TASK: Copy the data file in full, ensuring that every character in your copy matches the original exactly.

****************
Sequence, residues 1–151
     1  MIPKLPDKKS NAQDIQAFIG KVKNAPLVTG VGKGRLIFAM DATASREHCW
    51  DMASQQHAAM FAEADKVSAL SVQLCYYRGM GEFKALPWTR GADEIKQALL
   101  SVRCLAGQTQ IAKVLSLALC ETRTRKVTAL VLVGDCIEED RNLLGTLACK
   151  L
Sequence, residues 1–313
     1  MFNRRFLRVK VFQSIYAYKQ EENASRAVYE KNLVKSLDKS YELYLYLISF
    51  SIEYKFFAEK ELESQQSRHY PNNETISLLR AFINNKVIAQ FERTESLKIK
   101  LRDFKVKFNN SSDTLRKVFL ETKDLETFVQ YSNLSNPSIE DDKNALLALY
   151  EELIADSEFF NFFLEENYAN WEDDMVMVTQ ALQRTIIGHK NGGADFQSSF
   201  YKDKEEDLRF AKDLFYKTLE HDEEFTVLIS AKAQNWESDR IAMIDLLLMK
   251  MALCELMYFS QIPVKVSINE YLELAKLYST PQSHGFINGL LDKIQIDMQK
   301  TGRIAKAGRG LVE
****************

Sequence, residues 1–151
     1  MIPKLPDKKS NAQDIQAFIG KVKNAPLVTG VGKGRLIFAM DATASREHCW
    51  DMASQQHAAM FAEADKVSAL SVQLCYYRGM GEFKALPWTR GADEIKQALL
   101  SVRCLAGQTQ IAKVLSLALC ETRTRKVTAL VLVGDCIEED RNLLGTLACK
   151  L
Sequence, residues 1–313
     1  MFNRRFLRVK VFQSIYAYKQ EENASRAVYE KNLVKSLDKS YELYLYLISF
    51  SIEYKFFAEK ELESQQSRHY PNNETISLLR AFINNKVIAQ FERTESLKIK
   101  LRDFKVKFNN SSDTLRKVFL ETKDLETFVQ YSNLSNPSIE DDKNALLALY
   151  EELIADSEFF NFFLEENYAN WEDDMVMVTQ ALQRTIIGHK NGGADFQSSF
   201  YKDKEEDLRF AKDLFYKTLE HDEEFTVLIS AKAQNWESDR IAMIDLLLMK
   251  MALCELMYFS QIPVKVSINE YLELAKLYST PQSHGFINGL LDKIQIDMQK
   301  TGRIAKAGRG LVE